All Rubyists should be familiar with the common definitions for
include a module to add instance methods to a class and
extend to add class methods.
Unfortunately, this common definition isn’t entirely accurate.
It fails to explain why we use
instance.extend(Module) to add methods to an instance.
Shouldn’t it be
To figure this out we’re going to start by discussing where methods are stored.
The methods I’m storing for you and the guy holding mine.
Objects in Ruby do not store their own methods. Instead, they create a singleton class to hold onto their methods.
class A def self.who_am_i puts self end def speak_up(input) puts input.upcase end end
The interpreter will create an
A class and a singleton class to attach to it (we’ll refer to the singleton class of an object by prepending
' to the object name).
Any instance methods (i.e.
speak_up) are added to the methods stored on
The class methods (i.e.
who_am_i) are stored on
> A.singleton_methods # methods on 'A # => [:who_am_i]
This same process happens with instance objects.
If we have an instance of
A and we add a method to it we can’t store it on the instance.
Remember, objects in Ruby do not store their own methods.
a = A.new def a.not_so_loud(input) puts input.downcase end
Once again we create a singleton class for
a to store the
Now we have a method that only belongs to
a and does not affect other instances of
I’m my own father?
A class holds the methods and knows the inheritance chain needed for
a and all other instances of
Similarly the singleton class,
'A, holds the methods and knows the inheritance chain for
You can think of
A as an instance of
The catch is that we don’t talk directly to
This means we need some way to distinguish between adding methods to
extend come in.
include a module in an object, you’re adding the methods into the inheritance chain that the object is tracking.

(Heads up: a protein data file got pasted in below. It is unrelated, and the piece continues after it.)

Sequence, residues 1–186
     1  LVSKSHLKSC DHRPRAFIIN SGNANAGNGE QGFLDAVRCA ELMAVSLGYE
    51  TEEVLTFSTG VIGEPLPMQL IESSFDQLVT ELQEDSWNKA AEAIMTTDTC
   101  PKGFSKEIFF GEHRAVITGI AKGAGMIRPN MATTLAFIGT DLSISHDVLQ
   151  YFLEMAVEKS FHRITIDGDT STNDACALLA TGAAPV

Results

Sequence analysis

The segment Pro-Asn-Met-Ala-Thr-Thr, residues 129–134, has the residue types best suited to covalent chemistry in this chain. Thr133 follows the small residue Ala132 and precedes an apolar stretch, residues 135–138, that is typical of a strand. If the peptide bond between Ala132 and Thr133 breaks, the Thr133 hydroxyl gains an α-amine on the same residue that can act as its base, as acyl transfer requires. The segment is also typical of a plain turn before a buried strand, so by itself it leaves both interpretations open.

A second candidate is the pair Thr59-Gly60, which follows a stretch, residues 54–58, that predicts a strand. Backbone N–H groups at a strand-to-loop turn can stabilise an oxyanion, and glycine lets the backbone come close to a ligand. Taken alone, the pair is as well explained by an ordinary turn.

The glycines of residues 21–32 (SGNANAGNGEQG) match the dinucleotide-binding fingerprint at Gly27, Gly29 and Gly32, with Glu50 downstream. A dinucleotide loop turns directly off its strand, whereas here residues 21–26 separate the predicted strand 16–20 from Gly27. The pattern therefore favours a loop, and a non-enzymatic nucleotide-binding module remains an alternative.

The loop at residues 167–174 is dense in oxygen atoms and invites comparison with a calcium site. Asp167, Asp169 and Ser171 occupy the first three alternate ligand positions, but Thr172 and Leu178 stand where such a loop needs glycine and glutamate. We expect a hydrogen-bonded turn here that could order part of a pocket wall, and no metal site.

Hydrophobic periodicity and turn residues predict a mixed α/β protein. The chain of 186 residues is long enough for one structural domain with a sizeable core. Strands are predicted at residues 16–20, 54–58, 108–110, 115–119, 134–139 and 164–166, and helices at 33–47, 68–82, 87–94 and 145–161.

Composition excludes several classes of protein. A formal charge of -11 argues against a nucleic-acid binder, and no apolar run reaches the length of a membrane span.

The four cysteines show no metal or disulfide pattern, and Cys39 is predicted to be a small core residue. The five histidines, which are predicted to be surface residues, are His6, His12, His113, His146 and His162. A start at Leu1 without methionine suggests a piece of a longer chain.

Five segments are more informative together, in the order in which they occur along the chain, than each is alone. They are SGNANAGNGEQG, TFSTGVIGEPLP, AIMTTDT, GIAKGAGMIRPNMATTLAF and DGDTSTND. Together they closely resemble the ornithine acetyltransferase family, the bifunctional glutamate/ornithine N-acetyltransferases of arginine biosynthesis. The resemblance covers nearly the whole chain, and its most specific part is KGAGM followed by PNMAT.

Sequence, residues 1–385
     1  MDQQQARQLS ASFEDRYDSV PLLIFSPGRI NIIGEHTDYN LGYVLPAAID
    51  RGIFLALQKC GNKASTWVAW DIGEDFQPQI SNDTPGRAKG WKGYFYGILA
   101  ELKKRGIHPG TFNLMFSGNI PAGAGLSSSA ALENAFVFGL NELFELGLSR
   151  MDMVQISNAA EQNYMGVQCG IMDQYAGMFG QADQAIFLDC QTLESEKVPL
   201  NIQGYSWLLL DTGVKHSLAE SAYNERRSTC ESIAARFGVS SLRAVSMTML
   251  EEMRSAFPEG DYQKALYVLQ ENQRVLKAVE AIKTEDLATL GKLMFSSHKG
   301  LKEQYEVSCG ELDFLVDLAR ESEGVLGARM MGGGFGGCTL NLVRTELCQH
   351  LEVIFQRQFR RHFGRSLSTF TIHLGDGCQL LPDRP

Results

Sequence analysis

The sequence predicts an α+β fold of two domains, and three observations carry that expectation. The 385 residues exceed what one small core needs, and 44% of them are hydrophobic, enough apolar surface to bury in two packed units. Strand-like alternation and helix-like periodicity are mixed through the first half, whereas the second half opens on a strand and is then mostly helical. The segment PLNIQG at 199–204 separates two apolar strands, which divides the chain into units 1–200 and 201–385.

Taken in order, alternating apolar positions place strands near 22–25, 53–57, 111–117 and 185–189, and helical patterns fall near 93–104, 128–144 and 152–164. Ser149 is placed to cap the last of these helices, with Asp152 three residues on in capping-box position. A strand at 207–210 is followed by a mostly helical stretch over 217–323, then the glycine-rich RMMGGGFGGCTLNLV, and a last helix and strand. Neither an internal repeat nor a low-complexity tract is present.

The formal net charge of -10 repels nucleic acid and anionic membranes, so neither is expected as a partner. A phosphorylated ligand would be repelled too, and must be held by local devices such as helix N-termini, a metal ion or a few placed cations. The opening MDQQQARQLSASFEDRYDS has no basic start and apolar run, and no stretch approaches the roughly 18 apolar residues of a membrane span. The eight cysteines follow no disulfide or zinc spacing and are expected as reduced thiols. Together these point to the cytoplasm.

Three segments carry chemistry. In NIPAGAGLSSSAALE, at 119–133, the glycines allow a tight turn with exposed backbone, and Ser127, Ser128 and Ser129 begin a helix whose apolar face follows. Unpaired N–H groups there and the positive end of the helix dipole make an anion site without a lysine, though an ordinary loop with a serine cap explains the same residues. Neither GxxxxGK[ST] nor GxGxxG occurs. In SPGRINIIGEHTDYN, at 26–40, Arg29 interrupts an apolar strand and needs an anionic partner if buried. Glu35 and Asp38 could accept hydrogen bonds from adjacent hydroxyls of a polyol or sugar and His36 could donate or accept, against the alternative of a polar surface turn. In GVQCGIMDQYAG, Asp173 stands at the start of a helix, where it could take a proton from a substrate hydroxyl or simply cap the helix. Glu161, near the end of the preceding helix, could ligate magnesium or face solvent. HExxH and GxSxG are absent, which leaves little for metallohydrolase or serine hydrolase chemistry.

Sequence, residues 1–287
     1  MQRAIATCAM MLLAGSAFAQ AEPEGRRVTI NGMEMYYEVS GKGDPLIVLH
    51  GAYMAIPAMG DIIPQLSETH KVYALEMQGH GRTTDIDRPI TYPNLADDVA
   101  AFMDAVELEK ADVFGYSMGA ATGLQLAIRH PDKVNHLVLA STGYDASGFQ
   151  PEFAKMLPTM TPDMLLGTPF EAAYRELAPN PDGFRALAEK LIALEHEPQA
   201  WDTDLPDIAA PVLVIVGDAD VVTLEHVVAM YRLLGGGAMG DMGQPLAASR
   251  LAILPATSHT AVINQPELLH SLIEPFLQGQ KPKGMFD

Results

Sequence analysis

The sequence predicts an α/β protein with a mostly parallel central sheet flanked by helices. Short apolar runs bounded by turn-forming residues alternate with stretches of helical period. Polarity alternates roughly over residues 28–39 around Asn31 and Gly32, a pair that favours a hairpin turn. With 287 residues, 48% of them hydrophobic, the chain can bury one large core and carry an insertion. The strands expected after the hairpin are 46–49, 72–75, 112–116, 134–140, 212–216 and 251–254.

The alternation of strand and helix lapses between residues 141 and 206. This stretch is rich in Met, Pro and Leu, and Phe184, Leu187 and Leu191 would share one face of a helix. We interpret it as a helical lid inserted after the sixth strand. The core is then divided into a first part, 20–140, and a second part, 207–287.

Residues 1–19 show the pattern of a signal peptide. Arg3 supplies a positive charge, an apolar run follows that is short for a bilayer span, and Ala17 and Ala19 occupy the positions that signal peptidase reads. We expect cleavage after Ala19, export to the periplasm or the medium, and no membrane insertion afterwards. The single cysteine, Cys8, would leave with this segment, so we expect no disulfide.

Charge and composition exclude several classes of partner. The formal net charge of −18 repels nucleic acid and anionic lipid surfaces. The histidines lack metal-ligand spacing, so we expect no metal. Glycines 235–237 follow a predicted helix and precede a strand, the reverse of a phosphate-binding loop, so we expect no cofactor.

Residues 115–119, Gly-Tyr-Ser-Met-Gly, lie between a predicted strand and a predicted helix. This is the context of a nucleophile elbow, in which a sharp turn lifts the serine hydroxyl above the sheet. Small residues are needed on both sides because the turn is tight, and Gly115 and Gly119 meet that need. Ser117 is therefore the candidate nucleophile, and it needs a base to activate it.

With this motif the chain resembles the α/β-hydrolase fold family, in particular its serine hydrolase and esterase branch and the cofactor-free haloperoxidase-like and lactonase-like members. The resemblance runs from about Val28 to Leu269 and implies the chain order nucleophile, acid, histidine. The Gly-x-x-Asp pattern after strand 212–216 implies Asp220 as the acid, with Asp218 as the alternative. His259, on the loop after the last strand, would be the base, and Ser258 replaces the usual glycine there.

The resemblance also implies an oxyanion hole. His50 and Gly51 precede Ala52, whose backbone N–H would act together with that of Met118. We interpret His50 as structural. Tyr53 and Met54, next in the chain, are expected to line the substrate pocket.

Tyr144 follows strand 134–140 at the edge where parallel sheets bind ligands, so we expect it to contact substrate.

class A include M end
We can see that this is the case by checking
> A.ancestors # => [A, M, Object, Kernel, BasicObject]
extend is the same as doing an
include on the object’s singleton class.
class A extend M end
Once again we can confirm this by checking
> A.singleton_class.ancestors # => [M, Class, Module, Object, Kernel, BasicObject]
We can also call
extend on an instance.
a = A.new a.extend(M) > a.singleton_class.ancestors # => [M, A, Object, Kernel, BasicObject]
If you think of
extend as a way to add class methods then what we just did doesn’t make much sense.
Once you reframe it as adding methods to the singleton of an object the picture above becomes more clear.
Any time you call
include it will check the module to see if there is a method named
This method is executed when the module is included.
It’s like an
initialize for includes.
As you might suspect,
extend has its own version of this called
When you want to add both instance and class methods you can do so using the included hook.
module M def self.included(base) base.extend(ClassMethods) end def speak_up(input) puts input.upcase end module ClassMethods def who_am_i puts self end end end class C include M end c = C.new
This works by first including
C’s inheritance chain.
C which adds the methods to
'C’s inheritance chain.
When you start to dig past the common uses
extend can seem odd and intimidating.
Once you understand the underlying implementation it all starts to make better sense.
extend once more.
include: adds methods from the provided Module to the object
include on the singleton class of the object
If you want a more details about what the interpreter is doing I recommend watching Patrick Farley’s talk on Ruby Internals.